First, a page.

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Do you operate in numerous markets? If so, you may face an increasingly troubling peril — liability for a defective
product. That’s what Japanese company Takata discovered when it was revealed the airbags they supplied were faulty
and dangerous, leading to the largest safety recall in U.S. history. The ongoing recall is estimated to impact more than
41.6 million vehicles in the U.S. manufactured by 19 different companies.
Not surprisingly, this recall caused the demise of Takata. In addition, many of Takata’s partners, some of the largest
automotive companies in the world, have been affected.
How can you defend your business from a similar catastrophe? Consider general liability insurance, product liability
insurance and product recall insurance. Let’s review the differences among these three coverage options

Product Liability and Your Business

Do you operate in numerous markets? If so, you may face an increasingly troubling peril — liability for a defective
product. That’s what Japanese company Takata discovered when it was revealed the airbags they supplied were faulty
and dangerous, leading to the largest safety recall in U.S. history. The ongoing recall is estimated to impact more than
41.6 million vehicles in the U.S. manufactured by 19 different companies.
Not surprisingly, this recall caused the demise of Takata. In addition, many of Takata’s partners, some of the largest
automotive companies in the world, have been affected.
How can you defend your business from a similar catastrophe? Consider general liability insurance, product liability
insurance and product recall insurance. Let’s review the differences among these three coverage options.

Commercial general liability (CGL) insurance

Liability insurance provides protection from the financial losses (payments of damages and legal costs) that occur
when liable for injury or property damage. Liability exposure can arise from a variety of sources, so different types of
liability coverage are required to protect a business.
A commercial general liability policy will cover your business against claims involving bodily injuries and property
damage resulting from your products, services or operations. However, your CGL policy is limited. A standard CGL
policy includes a separate aggregate coverage limit for “products and completed operations”. If your main business
operations include the design, manufacture, assembly, distribution, installation or sale of products, a liability claim
could easily exceed your coverage limit. As a result, you may want to purchase a proper product liability policy from
your insurance broker.

Product liability (PL) insurance

If your product is faulty, the fallout could be enough to bankrupt your company. Even if your company’s involvement
in a product is limited, you could be found liable in a lawsuit. In fact, you may be liable if all your company does is
repackage and distribute a product manufactured elsewhere.
You could also face a liability risk if your marketing materials or promotions lead to the misuse of your product.
Product liability insurance protects the manufacturer, distributor or seller from legal liability resulting from personal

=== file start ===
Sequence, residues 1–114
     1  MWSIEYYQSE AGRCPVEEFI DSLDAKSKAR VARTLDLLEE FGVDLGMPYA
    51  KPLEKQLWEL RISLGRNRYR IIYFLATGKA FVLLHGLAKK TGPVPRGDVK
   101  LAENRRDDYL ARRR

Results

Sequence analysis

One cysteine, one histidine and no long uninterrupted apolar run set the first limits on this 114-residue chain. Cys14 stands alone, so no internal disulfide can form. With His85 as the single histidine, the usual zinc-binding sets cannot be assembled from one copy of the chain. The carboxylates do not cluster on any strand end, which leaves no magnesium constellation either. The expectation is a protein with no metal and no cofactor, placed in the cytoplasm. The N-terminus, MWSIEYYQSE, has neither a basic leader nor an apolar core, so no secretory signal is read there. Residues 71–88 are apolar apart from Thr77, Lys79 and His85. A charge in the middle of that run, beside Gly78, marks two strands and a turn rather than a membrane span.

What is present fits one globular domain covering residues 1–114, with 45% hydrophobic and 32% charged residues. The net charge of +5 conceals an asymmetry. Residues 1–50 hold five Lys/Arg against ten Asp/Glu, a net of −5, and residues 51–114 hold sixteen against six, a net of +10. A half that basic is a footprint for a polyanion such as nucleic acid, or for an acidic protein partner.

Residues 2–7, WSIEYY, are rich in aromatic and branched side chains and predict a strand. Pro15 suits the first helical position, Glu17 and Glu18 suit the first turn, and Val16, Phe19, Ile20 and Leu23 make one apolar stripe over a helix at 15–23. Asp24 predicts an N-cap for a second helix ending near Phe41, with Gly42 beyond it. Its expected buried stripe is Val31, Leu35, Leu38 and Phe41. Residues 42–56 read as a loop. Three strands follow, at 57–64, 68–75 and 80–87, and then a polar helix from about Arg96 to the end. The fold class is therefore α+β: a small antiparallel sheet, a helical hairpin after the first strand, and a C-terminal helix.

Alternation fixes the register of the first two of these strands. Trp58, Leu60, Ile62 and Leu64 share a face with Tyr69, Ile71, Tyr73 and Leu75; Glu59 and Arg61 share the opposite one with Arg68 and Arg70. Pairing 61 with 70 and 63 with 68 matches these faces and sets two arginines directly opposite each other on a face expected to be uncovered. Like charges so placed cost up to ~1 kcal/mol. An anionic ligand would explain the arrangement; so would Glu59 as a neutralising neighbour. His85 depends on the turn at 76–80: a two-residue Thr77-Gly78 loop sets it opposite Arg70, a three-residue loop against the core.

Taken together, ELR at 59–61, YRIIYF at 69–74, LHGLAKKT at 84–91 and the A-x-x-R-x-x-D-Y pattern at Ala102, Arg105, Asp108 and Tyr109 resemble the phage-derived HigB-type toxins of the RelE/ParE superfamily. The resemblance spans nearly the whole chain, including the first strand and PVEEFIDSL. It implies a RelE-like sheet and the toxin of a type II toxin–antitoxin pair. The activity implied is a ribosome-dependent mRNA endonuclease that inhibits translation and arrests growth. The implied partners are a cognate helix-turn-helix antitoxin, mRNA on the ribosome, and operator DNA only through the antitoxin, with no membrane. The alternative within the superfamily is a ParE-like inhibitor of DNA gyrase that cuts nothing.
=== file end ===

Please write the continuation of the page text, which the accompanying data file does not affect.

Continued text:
injury or damage to property caused by a dangerous or defective product.
Failing to have dedicated product liability insurance could even represent a missed business opportunity. Other
reputable companies (including retailers and dealers) may stipulate that you have PL insurance before entering into a
contract with you, and investors often require proof of coverage before they will commit to a joint venture.

Be mindful of the sistership exclusion

Standard CGL and PL policies include the sistership exclusion — also known as the product recall exclusion. This
provision excludes any losses related to the withdrawal, inspection, repair, replacement, adjustment or loss of use of
your product. Essentially, if you recall a product that could cause damage or injury, your standard CGL or PL policy
will not apply.
However, you can take steps to mitigate these substantial losses by obtaining product recall coverage. This can offset
many of the operational costs of a recall, as well as the costs of re-establishing your company’s brand.

Product recall (PR) coverage

As supply chains become more complex, consumer protection regulations become more stringent, and social media
places your company under the microscope. The way your company handles a product recall could mean the
difference between survival and bankruptcy. No matter how strong your reputation and safety record, you are never
immune to this risk.
Product recalls are logistically complex, expensive and potentially very damaging to your reputation. You could be
faced with the cost of investigating the defective product, advertising and promoting the recall, and paying fees and
compensation to distributors and retailers. Then there is the logistical nightmare of arranging the return, repair and
replacement of the defective products or components. You may also have to pay to dispose the unsafe product. You
will likely have substantial legal and professional fees and may face business interruption costs, in addition to
decreased consumer confidence and company credibility.
Yet, a failure to act decisively enough when a defect is discovered could also prove extremely damaging to your
business.
Manufacturers, suppliers and distributors erroneously think that their CGL or PL insurance policies will cover the costs
associated with a product recall. If your company has substantial business interests in the manufacture, supply or
distribution of products, speak with your insurance broker to determine whether you have sufficient coverage and to
make any necessary changes.